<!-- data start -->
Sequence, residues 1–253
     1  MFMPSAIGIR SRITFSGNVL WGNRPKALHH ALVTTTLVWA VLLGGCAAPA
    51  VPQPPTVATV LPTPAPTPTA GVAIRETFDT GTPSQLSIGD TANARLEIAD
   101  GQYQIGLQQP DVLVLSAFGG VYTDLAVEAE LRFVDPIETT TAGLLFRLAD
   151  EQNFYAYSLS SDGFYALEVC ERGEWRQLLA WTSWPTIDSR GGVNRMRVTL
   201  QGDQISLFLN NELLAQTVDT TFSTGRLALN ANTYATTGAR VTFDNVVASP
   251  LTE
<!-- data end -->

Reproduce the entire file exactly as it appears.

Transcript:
Sequence, residues 1–253
     1  MFMPSAIGIR SRITFSGNVL WGNRPKALHH ALVTTTLVWA VLLGGCAAPA
    51  VPQPPTVATV LPTPAPTPTA GVAIRETFDT GTPSQLSIGD TANARLEIAD
   101  GQYQIGLQQP DVLVLSAFGG VYTDLAVEAE LRFVDPIETT TAGLLFRLAD
   151  EQNFYAYSLS SDGFYALEVC ERGEWRQLLA WTSWPTIDSR GGVNRMRVTL
   201  QGDQISLFLN NELLAQTVDT TFSTGRLALN ANTYATTGAR VTFDNVVASP
   251  LTE